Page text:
The Rising Acceptance In The U.S. Of A Federal Law-Challenging Sheriffs Group
In the bustling backdrop of the convention center, Dar Leaf took a moment to articulate the profound purpose of America’s sheriffs. Despite the friendly expression in his bright blue eyes and warm smile, the depth of his conviction was evident.
Leaf, the chief law enforcement officer for Barry County, Michigan, conveyed the sacred mission of sheriffs during a break at the National Sheriffs’ Association 2023 conference in June.
He stressed, “The sheriff is meant to safeguard the public from evil. When the government strays into malevolence or oversteps its boundaries, the sheriff stands as a guardian against that.”
A member of the advisory board of the Constitutional Sheriffs and Peace Officers Association (CSPOA), founded in 2011 by former Arizona sheriff Richard Mack, Leaf elaborated on the CSPOA’s core beliefs.
The association teaches that elected sheriffs should resist enforcing laws they deem unconstitutional or unjust, viewing their role as protecting citizens from an overreaching federal government.
In an interview, Mack emphasized that the most secure way to achieve this is for local law enforcement to recognize they are under no obligation to enforce such laws. He asserted that laws deemed unjust are, in fact, tyrannical.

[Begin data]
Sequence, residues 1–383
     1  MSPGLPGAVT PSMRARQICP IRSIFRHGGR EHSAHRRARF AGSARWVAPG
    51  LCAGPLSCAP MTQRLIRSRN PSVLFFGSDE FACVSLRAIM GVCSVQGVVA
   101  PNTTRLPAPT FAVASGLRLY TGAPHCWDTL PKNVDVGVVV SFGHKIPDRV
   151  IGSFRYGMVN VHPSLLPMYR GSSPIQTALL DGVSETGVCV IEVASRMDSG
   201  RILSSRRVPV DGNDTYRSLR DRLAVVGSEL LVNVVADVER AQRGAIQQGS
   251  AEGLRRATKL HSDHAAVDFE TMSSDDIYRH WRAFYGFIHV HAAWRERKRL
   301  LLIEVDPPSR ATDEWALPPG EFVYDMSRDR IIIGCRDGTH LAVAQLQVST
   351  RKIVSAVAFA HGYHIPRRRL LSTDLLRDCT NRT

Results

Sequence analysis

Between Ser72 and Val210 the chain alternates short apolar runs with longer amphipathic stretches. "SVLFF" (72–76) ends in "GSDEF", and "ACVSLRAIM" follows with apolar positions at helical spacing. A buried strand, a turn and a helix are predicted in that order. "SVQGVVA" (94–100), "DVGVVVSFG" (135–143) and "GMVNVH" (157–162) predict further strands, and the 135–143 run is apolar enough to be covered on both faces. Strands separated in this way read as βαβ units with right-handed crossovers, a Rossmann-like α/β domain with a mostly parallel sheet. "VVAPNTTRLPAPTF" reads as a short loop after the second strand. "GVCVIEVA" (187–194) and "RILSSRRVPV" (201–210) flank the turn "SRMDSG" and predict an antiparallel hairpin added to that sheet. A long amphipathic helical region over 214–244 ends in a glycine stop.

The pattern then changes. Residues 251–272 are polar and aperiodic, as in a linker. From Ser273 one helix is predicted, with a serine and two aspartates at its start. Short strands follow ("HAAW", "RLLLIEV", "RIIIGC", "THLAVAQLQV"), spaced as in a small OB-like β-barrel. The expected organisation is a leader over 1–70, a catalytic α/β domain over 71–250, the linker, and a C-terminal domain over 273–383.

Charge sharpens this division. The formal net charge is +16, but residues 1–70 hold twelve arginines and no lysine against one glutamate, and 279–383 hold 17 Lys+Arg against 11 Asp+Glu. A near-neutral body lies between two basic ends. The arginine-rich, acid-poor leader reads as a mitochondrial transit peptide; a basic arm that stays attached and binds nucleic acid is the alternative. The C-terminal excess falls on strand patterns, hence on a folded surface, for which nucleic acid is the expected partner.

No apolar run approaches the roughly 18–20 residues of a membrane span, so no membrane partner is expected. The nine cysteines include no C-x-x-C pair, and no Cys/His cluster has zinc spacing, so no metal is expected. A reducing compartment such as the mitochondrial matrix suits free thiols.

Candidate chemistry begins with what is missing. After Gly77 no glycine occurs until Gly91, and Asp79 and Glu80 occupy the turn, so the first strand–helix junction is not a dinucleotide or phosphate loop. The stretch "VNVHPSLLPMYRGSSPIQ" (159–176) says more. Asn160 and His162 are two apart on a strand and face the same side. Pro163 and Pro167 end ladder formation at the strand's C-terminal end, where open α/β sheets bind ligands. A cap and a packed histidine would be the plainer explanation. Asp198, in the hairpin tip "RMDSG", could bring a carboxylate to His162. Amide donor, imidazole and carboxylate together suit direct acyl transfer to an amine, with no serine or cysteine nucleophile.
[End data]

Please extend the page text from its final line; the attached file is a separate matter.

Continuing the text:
The CSPOA has voiced opposition to gun control, COVID-19 mask mandates, public health restrictions, and alleged election fraud.
While the group has quietly expanded its influence nationwide, it has also aimed for mainstream recognition by securing state endorsement for publicly funded law enforcement training, revealed the Howard Center for Investigative Journalism after a seven-month investigation in collaboration with the Arizona Center for Investigative Reporting.
Over the past five years, the CSPOA has organized events such as trainings, rallies, speeches, and meetings across around 30 states, involving law enforcement officers, political figures, private organizations, and the general public.
Conducting Formal Trainings
Within these efforts, the group has conducted formal trainings based on its “constitutional” curriculum in at least 13 states. In six states, the trainings even earned officers continuing education credits.
Notably, the CSPOA has garnered support from individuals who serve on three state boards responsible for setting law enforcement training standards.
Mary McCord's Concerns
Legal experts caution against such training, particularly when it attains state approval, as it can undermine democratic processes outlined in the U.S. Constitution.
Mary McCord, a former federal prosecutor and executive director of the Institute for Constitutional Advocacy and Protection at Georgetown University, warned against what she referred to as a “broader insurrectionist ideology” gripping the nation since the 2020 presidential election.
McCord noted that sheriffs lack the authority to determine constitutionality, as that power belongs to the courts. She raised concerns about a potential inclination towards political violence encouraged by the CSPOA’s teachings.